One of a Kind
For Sandra Geronimo and Sarah Reed, owners of 1st Avenue Collective in Winterset, nothing makes them happier than seeing the “ah-ha” moment on a customer’s face when someone purchases or receives an item from their artisan market made especially for them. This November, the owners are celebrating the shop’s fourth anniversary, and countless “ah-ha’s” from community that has supported them over the years.
A Unique Store, Offering Unique Items
In 2015, while visiting family, Ohio natives Geronimo and Reed fell in love with Winterset’s small-town feel. At the time, the two were working various craft festivals in the Buckeye state, selling custom-made jewelry and other creatives — all while dreaming of one day opening a shop of their own.
“We envisioned a brick and mortar store where we could sell our own things while promoting the creativity of others,” said Reed. “We also wanted to build a business where people could sell their work at reasonable prices and help them continue working on their creative processes.”
After the two came across Winterset’s historic Madison County Jail, they knew they’d found the right venue. “When this old jail became available, we thought it was unusual — but in a good way.” said Reed. “You can still see the prison graffiti that dates to the late 1980s. And the jail cells, bars, doors, floors and walls have been preserved as they were when active. All these original features add to our unique style and great creative space.”
The uniqueness of 1st Avenue Collective doesn’t end at its location. Everything in the store, including jewelry, pottery, woodwork, wall art and more, are all hand-crafted. Often, Reed and Geronimo share the artist’s statement or the story of where the piece was made with buyers. Reed and Geronimo will even help create a custom item specifically for its recipient, like a ring recently made for a local resident.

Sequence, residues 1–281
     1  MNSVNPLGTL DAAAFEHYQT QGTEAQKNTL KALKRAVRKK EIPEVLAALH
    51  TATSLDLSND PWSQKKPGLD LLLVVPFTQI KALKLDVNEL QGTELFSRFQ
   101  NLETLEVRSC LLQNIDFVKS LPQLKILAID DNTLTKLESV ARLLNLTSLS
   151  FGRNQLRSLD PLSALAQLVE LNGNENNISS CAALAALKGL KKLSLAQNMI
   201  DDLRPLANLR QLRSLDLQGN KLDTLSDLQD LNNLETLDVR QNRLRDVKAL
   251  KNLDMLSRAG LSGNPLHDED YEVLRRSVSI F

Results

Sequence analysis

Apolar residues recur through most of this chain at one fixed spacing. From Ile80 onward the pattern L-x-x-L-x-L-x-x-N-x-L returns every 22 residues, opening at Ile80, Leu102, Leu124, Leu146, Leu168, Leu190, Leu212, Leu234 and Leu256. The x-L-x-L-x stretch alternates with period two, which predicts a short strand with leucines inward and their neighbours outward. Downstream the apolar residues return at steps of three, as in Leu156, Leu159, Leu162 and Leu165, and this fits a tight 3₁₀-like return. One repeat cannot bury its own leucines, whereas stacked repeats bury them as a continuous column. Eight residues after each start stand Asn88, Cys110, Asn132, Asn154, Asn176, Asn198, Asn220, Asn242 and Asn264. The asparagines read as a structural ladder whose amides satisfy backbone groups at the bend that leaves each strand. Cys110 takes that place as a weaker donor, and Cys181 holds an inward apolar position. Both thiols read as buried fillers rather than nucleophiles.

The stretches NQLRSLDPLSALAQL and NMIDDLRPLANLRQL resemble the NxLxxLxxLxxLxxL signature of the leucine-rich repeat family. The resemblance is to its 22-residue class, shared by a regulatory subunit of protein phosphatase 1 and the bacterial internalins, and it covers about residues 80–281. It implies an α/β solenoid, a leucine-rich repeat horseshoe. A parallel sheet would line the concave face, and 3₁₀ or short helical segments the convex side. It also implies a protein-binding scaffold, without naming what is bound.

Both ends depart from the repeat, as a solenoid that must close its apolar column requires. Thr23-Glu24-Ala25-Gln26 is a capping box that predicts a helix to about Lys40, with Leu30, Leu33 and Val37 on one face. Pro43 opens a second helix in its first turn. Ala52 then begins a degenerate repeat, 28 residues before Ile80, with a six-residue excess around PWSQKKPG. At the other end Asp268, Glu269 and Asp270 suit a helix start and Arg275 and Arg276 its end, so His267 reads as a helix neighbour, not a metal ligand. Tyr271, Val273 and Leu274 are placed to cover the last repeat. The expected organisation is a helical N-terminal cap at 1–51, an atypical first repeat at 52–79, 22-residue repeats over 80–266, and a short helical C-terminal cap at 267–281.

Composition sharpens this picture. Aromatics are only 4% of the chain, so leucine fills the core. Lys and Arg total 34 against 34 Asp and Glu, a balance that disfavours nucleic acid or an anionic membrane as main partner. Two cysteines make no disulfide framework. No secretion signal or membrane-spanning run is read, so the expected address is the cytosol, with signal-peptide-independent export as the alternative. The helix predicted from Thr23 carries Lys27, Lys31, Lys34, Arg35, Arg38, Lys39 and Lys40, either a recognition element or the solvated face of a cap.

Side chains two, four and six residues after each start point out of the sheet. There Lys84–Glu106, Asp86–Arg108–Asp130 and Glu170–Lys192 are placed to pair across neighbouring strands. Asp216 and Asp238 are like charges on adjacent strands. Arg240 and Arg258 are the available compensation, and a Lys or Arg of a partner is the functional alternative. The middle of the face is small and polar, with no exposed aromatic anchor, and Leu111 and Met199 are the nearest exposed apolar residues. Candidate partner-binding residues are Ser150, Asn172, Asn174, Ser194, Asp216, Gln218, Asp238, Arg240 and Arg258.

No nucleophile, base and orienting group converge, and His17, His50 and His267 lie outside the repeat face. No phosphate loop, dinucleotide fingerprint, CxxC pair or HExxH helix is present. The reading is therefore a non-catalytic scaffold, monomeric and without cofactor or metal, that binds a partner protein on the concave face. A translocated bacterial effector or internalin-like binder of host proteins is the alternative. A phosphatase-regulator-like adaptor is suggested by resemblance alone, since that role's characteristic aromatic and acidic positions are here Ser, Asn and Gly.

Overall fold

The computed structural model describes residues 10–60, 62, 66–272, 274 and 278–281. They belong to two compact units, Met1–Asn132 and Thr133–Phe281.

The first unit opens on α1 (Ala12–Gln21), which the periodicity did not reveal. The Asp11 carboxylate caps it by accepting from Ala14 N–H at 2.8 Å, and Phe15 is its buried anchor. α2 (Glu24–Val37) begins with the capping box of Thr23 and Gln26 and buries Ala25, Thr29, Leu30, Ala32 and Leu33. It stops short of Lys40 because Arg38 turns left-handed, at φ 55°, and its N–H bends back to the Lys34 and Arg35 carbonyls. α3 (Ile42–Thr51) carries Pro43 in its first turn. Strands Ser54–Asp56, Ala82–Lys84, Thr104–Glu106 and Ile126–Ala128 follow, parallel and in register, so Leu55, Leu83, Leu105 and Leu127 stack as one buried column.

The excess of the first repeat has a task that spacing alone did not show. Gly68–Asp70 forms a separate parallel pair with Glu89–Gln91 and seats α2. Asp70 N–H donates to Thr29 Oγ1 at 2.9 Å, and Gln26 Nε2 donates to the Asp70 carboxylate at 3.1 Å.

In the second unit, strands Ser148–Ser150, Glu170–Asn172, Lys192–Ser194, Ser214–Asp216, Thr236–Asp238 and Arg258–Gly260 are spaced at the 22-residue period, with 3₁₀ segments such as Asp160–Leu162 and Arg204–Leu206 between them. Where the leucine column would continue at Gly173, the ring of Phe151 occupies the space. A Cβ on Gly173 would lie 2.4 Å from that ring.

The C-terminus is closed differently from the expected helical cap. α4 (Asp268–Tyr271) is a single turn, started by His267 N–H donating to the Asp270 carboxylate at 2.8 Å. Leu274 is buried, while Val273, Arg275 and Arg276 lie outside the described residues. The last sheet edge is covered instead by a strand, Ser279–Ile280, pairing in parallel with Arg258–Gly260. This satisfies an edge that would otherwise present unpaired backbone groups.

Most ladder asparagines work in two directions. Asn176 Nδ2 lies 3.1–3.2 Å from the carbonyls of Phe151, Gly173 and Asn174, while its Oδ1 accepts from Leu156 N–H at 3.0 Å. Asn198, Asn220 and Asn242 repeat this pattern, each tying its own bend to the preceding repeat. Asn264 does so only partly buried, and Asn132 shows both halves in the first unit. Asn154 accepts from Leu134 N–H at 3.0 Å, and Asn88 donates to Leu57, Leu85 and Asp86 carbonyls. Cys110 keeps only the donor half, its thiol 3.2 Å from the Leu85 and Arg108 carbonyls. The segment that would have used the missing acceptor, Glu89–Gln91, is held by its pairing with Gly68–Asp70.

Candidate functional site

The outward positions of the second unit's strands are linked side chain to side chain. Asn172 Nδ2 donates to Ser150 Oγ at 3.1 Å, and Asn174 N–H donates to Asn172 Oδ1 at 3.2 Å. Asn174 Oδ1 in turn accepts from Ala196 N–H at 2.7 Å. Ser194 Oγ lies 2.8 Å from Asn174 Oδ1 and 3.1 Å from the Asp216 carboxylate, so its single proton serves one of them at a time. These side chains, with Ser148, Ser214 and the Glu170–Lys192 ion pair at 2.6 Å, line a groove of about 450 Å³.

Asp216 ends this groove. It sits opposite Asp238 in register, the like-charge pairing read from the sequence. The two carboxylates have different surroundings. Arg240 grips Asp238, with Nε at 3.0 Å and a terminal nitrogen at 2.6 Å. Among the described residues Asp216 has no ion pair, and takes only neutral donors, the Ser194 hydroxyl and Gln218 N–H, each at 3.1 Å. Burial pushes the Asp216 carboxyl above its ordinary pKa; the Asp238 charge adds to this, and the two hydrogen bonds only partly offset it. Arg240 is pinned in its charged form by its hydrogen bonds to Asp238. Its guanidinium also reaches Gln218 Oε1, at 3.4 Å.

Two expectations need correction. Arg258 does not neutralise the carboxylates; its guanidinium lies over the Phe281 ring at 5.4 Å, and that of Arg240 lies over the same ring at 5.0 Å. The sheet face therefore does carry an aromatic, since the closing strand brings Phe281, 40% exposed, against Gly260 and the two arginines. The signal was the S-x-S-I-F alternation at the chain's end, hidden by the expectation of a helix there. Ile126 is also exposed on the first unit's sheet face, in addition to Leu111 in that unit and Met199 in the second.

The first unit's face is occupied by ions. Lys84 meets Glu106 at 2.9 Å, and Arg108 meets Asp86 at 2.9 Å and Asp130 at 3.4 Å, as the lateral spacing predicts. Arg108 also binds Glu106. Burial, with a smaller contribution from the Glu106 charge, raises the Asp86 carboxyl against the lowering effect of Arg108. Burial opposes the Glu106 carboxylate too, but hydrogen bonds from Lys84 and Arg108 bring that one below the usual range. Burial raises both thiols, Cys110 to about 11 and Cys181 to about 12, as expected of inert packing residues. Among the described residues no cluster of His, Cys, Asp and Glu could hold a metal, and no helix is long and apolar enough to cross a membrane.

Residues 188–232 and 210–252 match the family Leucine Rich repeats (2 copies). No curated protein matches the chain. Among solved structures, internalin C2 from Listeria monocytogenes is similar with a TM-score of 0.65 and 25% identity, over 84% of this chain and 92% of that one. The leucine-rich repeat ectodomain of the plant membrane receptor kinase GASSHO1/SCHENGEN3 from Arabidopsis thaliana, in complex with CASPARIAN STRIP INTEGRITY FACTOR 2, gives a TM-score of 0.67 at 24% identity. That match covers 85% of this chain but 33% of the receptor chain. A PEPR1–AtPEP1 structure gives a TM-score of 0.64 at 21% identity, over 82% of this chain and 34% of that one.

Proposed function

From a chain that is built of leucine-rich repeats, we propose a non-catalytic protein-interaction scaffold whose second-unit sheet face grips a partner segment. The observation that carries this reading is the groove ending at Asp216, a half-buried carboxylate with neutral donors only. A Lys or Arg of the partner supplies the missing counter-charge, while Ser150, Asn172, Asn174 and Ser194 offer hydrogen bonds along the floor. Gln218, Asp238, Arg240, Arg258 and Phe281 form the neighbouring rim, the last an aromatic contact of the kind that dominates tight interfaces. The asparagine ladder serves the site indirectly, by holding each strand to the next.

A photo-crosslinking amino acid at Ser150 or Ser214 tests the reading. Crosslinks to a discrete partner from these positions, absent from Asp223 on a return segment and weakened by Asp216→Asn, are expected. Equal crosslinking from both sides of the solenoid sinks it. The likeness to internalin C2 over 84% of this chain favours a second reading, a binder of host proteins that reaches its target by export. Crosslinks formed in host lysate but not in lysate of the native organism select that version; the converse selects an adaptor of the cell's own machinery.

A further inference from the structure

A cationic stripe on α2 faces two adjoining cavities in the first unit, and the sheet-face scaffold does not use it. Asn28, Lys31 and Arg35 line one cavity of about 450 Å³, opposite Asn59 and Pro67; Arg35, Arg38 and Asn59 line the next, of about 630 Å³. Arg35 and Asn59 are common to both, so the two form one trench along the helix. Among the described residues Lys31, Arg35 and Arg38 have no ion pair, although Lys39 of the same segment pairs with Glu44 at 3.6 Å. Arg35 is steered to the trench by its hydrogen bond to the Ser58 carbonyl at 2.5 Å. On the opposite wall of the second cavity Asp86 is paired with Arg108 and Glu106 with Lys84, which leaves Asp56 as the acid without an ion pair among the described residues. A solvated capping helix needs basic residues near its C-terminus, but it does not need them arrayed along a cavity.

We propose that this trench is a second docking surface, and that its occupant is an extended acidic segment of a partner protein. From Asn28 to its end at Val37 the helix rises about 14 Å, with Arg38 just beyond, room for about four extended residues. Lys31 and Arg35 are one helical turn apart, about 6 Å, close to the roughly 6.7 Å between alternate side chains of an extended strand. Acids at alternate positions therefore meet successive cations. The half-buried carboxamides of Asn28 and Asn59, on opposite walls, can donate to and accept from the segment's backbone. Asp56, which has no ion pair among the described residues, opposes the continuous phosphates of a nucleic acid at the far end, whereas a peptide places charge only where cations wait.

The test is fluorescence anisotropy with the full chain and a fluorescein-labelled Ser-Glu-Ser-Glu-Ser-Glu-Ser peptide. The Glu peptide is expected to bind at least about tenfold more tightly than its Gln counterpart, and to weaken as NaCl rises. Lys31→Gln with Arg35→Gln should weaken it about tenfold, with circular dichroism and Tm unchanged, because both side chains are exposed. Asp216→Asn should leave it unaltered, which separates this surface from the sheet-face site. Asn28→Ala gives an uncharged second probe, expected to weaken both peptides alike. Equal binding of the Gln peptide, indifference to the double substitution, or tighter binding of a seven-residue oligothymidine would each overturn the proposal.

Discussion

“This past summer, a young man came into the store and asked Sandra to make an engagement ring for his soon-to-be fiancé,” said Reed. “He shared what he wanted, which was pretty simple. Two weeks later, the young man came back in, and rather than Sandra making it, she taught him how to do it — and he made his fiancé’s wedding ring.”
Winterset's Artistic Development
When 1st Avenue Collective opened, there were already a handful of jewelers, glass blowers and painting stores in town. Geronimo and Reed’s store fit somewhere in the middle between fine arts and crafts and immediately helped contribute to the artistic development in Winterset.
“It is nice to see that we are inspiring others, both inside and outside of our store,” said Reed. “Over the years, we’ve seen a handful of other stores open with an emphasis on the craft side of creativity. All of which add to the artistic atmosphere of Winterset.”
Another way the two are contributing to the Winterset’s creative makeup is through a variety of jewelry classes they offer. Taught by Geronimo, the classes often attract out of towners from as far away as Omaha and Kansas City.
“The classes make for a great girl’s night out event or even family gathering,” said Reed. “We’ve had people bring their extended family in town for the holidays, come in and make jewelry or work on a project together. And that is fun for us to see — the way family members engage with each other, perhaps in new ways, and create something together.”
Looking back, Reed says that they were welcomed right from the start. “Two things really struck me when we moved here,” Reed said. “The first was the welcome that we received — the hospitality of folks. The old saying, ‘Iowa nice,’ well, that is a real thing — let me tell you! The second is the pride that people have in this community. When you walk around the courthouse square here, it is evident that people are invested in this community, and we are proud to be a part of it.”